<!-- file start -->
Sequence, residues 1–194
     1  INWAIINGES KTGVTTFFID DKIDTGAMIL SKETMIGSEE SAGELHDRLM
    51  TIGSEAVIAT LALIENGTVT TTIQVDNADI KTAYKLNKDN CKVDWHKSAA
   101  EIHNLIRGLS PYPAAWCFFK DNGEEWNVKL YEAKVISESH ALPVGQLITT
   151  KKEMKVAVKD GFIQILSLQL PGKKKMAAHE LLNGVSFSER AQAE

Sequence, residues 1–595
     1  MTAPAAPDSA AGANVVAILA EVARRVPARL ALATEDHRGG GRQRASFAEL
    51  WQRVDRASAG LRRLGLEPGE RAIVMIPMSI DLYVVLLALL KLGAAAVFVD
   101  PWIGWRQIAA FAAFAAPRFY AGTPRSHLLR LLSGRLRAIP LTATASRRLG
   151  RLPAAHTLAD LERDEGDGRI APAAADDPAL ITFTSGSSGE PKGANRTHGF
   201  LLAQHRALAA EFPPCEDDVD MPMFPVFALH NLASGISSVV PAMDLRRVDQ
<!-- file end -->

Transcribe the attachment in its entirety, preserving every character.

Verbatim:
Sequence, residues 1–194
     1  INWAIINGES KTGVTTFFID DKIDTGAMIL SKETMIGSEE SAGELHDRLM
    51  TIGSEAVIAT LALIENGTVT TTIQVDNADI KTAYKLNKDN CKVDWHKSAA
   101  EIHNLIRGLS PYPAAWCFFK DNGEEWNVKL YEAKVISESH ALPVGQLITT
   151  KKEMKVAVKD GFIQILSLQL PGKKKMAAHE LLNGVSFSER AQAE

Sequence, residues 1–595
     1  MTAPAAPDSA AGANVVAILA EVARRVPARL ALATEDHRGG GRQRASFAEL
    51  WQRVDRASAG LRRLGLEPGE RAIVMIPMSI DLYVVLLALL KLGAAAVFVD
   101  PWIGWRQIAA FAAFAAPRFY AGTPRSHLLR LLSGRLRAIP LTATASRRLG
   151  RLPAAHTLAD LERDEGDGRI APAAADDPAL ITFTSGSSGE PKGANRTHGF
   201  LLAQHRALAA EFPPCEDDVD MPMFPVFALH NLASGISSVV PAMDLRRVDQ